RAILINGS & BALUSTERS
To meet code standards, the railings that span from post to post should be as sturdy as the posts themselves. To achieve the necessary strength, it’s best to use at least 2×6 railing, either flat or vertical. Use the longest pieces available, with a continuous length for each side of the deck, if possible. Posts should be no more than 6 to 8 feet apart, depending on local codes.
In rainy climates, the top railing should be either sloped or chamfered at the edges to shed water. A drip cap below overhanging edges is also recommended (see illustration).
At inside and outside corners where two railings meet, I often use a galvanized steel angle or flat brace to support the joint . This is cheap, but effective, insurance against the corner separating over time. I typically use similar steel hardware to reinforce where the railing connects to the main structure.
Code requirements for balusters. For child safety, the balusters or other decorative infill must be spaced less than 4 inches apart. In code-speak, a 4-in.-diameter ball should not pass through the spaces. For railings along stairs, the spaces can be a little larger, but less than 4-3/8 in.
The balusters or other infill between the posts should be able to resist a load of 50 pounds applied over one square foot. Using the engineer’s safety factor of 2.5, the test load would be 125 pounds. To comply with code, and for common sense, you don’t want to fill between your sturdy posts and top rails with flimsy infill.
Baluster and infill options. On a site-built wood railing, balusters can be metal, steel cable, or any sturdy material, but the most common are 2×2’s, nailed or screwed directly to the rim joist or attached to the bottom rail. Three common baluster layouts are shown in the illustration above.
With 2x2s, choose good stock and reject any pieces with large knots or other defects that might weaken the baluster. Use stainless steel, coated, or hot-dipped galvanized nails or screws that are rate for use with today’s pressure-treated wood. At a minimum, use either one screw or two spiral-shank nails top and bottom on each baluster.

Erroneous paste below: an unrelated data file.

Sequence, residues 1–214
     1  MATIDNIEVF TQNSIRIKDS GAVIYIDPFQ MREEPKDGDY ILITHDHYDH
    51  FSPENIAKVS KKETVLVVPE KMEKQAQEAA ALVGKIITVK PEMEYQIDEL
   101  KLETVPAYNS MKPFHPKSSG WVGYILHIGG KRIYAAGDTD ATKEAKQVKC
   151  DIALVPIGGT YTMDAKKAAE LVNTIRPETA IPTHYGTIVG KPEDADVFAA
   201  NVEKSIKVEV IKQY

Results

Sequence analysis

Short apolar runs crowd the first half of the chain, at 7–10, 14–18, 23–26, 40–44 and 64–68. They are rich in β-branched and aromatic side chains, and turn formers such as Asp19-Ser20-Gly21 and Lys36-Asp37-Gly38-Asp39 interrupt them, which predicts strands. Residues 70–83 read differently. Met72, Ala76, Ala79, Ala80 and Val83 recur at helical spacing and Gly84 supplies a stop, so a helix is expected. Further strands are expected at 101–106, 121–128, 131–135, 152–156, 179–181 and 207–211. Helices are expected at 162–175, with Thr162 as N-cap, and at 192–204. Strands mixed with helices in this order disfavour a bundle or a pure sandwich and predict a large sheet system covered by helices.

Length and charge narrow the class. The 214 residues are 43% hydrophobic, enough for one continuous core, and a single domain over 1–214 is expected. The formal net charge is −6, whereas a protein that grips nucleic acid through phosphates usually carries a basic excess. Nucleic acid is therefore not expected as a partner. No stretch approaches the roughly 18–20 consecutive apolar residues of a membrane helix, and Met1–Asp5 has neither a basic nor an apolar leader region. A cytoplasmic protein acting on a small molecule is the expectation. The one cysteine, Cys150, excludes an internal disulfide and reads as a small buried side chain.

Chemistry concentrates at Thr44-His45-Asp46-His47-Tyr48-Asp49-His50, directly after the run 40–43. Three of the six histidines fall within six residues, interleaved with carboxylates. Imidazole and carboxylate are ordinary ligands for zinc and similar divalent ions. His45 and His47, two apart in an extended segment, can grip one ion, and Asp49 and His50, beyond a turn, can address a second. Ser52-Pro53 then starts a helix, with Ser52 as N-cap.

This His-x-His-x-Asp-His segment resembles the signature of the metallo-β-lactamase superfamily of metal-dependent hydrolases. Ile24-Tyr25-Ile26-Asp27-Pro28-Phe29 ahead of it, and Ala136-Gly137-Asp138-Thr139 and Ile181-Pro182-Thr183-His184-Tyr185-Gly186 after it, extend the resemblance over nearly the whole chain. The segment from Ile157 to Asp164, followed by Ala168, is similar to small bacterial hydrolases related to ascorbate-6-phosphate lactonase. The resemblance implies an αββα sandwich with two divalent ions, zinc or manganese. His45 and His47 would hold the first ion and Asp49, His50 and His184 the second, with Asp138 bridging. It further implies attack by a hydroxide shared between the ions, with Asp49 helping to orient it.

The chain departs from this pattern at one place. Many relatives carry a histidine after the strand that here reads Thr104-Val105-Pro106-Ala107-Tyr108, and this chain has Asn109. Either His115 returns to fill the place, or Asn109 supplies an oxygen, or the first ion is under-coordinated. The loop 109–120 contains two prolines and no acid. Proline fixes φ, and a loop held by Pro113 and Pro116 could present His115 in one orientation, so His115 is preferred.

A common detail has the balusters nailed to top and bottom 2×4 rails toe-nailed to the sides of the vertical posts. Toe-nails tend to split the 2x4s and are not likely to meet the code requirements for the infill area. Steel brackets, like the RailLok, can simplify the connection of the top and bottom railings to the posts.
Horizontal infill made from stainless-steel cable is a popular choice on high-end decks, especially where the owners want unobstructed views. Like all infill options, these need to comply with the 4-inch rule (max. space between cables) and structural codes. Manufactured systems are available with all the components including steel posts. It is not too difficult to build your own cable railing with components now readily available from specialty manufacturers (photos below). Still plan on some extra time until you learn the particular system – each has its quirks.
Manufactured Railings. Most major manufacturers of composite and plastic decking offer manufactured railing systems that can be used with their decking or as a standalone system. Most prefab systems go together pretty quickly and are engineered to meet the strength requirements of the building code. They also offer the promise of low maintenance, although this is less of a concern than within decking. Vertical components, such as railing systems, get less sun exposure and less wear and tear than decking, so they tend to stand up well over time. A flat 2×6 used for the top railing that is neither sloped or chamfered is, however, prone to the same type of cupping and checking that affects decking boards.